Standing Tall – Resilience revisited

Reading Time: 7 minutes

In our previous look at the concept of mental resilience, we discussed the basics, aimed at helping you set reasonable expectations, and get reasonable results. In this article I’m going to continue that trend, by repeating a cold fact from the last one.

Success isn’t earned, it’s leased. And rent is due, every single day. Take a moment to re-read the first post, keeping in mind that we aren’t born with resiliency, rather it’s created.

Brave New World:

We live in a new era, not just in the realm of Esports, but all walks of modern life. Navigating the complexities of an increasingly bizarre culture, and ever changing social landscape gets harder by the day.  As competitors we’re caught smack-dab in the middle of a culture war; the emotional stability and mental toughness needed to shine is directly at odds with the trendy idea that these same traits have become toxic.

While Free Agency Esports stays away from politics, we feel this is significant, since serious gamers are at ground zero.

The prize pools are getting bigger, the recognition wider, and the spotlight is always on. As competitors and personalities every action is scrutinized, every reaction politicized one way or another, and everyone seems to have an opinion. No matter where you are in the mix, learning how to stay cool, calm, and collected; to stay in control of yourself is key.

Let this post serve as a guide, and a jumping off point.

Purpose:

You’ve heard this time and time again from us, but if you don’t have a reason for playing, you’re just wasting time. Not the people who play “to have fun”, whatever that means in the moment, no this article isn’t for them. This is for the competitor who wants to stand tall when things are at their worst.

If you haven’t yet, then you need to take a second and ask a difficult question… Why am I here?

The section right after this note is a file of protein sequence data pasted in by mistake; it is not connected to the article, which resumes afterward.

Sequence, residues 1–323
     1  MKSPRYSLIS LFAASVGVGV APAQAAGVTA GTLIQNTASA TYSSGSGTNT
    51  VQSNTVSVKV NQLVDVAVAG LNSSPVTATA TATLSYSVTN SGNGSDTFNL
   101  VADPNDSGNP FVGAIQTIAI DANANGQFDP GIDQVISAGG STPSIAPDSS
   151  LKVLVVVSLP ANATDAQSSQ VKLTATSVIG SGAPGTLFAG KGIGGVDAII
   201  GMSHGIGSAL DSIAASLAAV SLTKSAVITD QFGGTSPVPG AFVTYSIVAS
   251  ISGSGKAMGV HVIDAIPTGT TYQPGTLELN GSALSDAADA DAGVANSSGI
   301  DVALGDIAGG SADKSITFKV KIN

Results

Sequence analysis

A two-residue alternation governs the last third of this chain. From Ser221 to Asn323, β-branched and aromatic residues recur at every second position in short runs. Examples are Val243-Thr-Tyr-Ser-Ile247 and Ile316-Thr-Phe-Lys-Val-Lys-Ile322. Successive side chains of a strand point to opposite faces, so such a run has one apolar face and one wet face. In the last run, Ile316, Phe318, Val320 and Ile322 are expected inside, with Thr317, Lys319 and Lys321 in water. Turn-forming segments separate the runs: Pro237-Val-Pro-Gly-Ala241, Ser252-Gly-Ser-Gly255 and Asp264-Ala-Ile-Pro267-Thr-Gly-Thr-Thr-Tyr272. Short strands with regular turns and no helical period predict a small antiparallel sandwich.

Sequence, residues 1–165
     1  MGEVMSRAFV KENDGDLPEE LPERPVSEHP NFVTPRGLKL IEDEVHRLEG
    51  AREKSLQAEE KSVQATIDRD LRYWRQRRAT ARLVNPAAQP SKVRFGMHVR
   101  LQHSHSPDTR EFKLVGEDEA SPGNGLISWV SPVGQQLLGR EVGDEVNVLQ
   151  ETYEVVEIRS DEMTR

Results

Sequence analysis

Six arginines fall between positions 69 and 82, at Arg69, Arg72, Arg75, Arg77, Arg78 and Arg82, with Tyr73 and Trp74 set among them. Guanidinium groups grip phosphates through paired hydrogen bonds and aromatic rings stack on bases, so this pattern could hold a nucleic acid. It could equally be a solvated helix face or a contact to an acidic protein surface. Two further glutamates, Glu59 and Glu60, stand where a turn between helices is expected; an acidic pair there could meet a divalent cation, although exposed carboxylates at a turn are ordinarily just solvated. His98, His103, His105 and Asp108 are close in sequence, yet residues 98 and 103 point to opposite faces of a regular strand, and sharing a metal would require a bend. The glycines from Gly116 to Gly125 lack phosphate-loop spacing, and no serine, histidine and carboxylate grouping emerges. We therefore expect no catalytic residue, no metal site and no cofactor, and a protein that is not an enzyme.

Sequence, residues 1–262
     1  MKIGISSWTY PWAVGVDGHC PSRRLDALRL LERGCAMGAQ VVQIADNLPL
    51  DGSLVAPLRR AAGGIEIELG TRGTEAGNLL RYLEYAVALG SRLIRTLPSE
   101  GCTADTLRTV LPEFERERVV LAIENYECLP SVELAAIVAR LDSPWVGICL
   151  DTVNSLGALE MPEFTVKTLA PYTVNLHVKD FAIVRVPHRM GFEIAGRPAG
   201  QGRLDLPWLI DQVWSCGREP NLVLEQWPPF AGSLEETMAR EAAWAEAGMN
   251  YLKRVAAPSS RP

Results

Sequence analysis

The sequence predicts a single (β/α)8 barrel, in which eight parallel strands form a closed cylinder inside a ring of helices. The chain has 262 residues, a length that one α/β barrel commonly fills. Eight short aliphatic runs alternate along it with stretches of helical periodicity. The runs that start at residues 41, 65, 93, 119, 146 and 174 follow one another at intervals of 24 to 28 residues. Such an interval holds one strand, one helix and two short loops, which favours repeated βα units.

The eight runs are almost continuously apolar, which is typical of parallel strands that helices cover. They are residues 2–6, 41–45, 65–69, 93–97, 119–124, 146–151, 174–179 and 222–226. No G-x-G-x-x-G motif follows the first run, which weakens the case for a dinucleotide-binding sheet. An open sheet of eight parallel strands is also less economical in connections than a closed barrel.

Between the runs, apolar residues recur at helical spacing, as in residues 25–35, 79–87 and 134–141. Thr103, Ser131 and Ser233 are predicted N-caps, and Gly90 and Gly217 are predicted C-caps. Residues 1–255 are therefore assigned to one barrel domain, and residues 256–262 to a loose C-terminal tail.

Seriously, take a few moments to think on it, and write down your answers. Put them away for a few minutes, and take a good, hard look. Be honest and scratch out the ones that are obviously baloney, and you’re left with the truth.

Some examples:
– To be the best player in your region, or scene.
– To get out of pools
– Get top 10 NA in matchmaking
– Stop losing to Grand Champion Rook mains 🙁

Once you have an idea of what your purpose is, the next step is to start living it, and not just paying lip service to the ideas behind it. Don’t just play to play, play with your objectives, and your best interests in mind. This way, when it gets tough, you’ll have a foundation to fall back on. If it helps, treat your purpose as a well, or fountain where you draw energies, inspiration, and motivation from.

Took a bad loss? go drink from the well. Tired of the meta? go drink from the well. Worn down from the grind? You get the picture.  From time to time, you’ll have to see if the water is still clean, or if its getting a little low, and refill it. But no matter what, that well, your purpose, your reason, its always there.

 

The stoic approach:

The age old question.

Is it better to bottle up you’re emotions, or wear your heart on your sleeve? Should you hold it in, or hug it out? While there isn’t any one size fits all answer, a decades worth of competitive experience says neither.

I DON’T GIVE A DAMN IF YOU “LIKE ROADHOG”

In truth, I’ve found the best approach is somewhere in the middle, and while neither is best, competition and competitive environments demand a firm balance from each. With that in mind, just how much is too much?

As each individual’s goal varies, as does their amount of life experience, and socialization, I can’t tell you exactly. But I can share some of the strategies I’ve picked up over the years.

Take it from me, because this is a lesson I wish I’d learned years ago. If you’re a competitor, and you’re really serious about making it, and toeing that line between dedication, and obsession, then listen good.

The game will not save you.